Readers familiar with this book will delight in a fresher-looking version, but overall and despite good intentions, it does...

THE POPCORN BOOK

40TH ANNIVERSARY EDITION

Curious, shaggy-haired twins Tony and Tiny learn about the history of popcorn while waiting for a pot of kernels to pop.

First published in 1978, this 40th-anniversary edition updates the depictions of Indigenous people and expands upon the presentation of historical facts as Tony gets a pan hot and ready for popcorn while Tiny tells his brother (and readers) about the history of the food. This version is cleaner and brighter, with more saturated colors and modern type. The European (French, Spanish, and English) colonizers’ perspective of popcorn history is de-emphasized, and more agency is given to Indigenous peoples. This version does a good job of including more Native Nation–specific facts about popcorn and its preparation, with lines such as, “The Ho-Chunk, also known as the Winnebago, were particularly fond of oiled popcorn on the cob.” That being said, even though Tony and Tiny, two white boys, live in the present, all references to Indigenous peoples are in the past; this was a missed opportunity to include present-day Indigenous peoples’ relationships to corn/popcorn. Also, the original stereotypical illustration of a brown-skinned, angry “little demon” inside a kernel is woefully present in this version, although the text has been edited to say “little man”; rather than the original “The Indian people had a legend,” the text now reads “Some people tell the story,” which implies that the origins of this “legend” are hazy.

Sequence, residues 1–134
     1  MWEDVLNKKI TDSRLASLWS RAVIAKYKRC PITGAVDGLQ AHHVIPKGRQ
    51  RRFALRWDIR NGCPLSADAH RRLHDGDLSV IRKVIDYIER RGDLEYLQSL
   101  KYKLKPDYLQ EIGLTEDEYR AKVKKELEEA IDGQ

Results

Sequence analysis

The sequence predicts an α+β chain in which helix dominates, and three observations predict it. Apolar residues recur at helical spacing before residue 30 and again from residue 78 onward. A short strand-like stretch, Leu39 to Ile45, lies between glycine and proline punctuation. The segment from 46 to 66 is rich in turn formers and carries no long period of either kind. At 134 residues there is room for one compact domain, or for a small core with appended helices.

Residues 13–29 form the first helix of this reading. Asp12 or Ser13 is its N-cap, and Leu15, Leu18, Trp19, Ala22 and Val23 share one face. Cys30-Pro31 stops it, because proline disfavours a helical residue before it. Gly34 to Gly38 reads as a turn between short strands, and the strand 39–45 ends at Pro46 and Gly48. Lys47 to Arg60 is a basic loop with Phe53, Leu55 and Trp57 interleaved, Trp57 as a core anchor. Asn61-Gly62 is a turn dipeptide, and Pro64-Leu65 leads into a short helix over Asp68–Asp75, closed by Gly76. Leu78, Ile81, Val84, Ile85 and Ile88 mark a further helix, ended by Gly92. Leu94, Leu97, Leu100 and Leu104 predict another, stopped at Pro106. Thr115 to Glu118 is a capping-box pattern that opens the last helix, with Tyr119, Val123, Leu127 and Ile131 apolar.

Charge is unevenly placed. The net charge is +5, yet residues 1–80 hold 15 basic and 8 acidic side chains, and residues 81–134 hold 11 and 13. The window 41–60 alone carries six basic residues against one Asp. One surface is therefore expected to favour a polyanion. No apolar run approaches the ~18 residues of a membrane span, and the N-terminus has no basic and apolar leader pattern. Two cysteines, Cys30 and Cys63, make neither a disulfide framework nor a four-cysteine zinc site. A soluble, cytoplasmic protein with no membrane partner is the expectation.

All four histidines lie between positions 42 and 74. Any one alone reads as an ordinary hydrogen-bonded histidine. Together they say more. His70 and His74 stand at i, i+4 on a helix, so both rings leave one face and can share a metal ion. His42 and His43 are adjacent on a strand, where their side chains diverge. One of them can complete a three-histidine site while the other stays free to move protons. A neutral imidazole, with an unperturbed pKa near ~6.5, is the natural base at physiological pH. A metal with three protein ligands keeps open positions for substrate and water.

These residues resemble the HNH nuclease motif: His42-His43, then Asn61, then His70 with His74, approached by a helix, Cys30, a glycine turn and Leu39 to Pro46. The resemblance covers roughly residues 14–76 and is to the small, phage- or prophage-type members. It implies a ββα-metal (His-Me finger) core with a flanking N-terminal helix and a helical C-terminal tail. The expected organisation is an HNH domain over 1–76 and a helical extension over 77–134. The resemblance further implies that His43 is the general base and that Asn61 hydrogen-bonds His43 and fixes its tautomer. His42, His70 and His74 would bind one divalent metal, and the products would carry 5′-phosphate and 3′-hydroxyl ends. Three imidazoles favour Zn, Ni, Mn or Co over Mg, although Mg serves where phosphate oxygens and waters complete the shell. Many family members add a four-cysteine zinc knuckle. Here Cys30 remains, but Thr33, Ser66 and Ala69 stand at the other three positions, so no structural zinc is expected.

Readers familiar with this book will delight in a fresher-looking version, but overall and despite good intentions, it does not completely rehabilitate the original’s flawed depictions of Indigenous peoples. (sources, resources) (Informational picture book. 5-12)

Pub Date: Oct. 16, 2018

ISBN: 978-0-82343985-0

Page Count: 32

Publisher: Holiday House

Review Posted Online: Aug. 14, 2018

Kirkus Reviews Issue: Sept. 1, 2018

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An inspiring call to action for all who care about our interconnected planet.

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WE ARE WATER PROTECTORS

In this tribute to Native resilience, Indigenous author-and-illustrator team Lindstrom and Goade invite readers to stand up for environmental justice.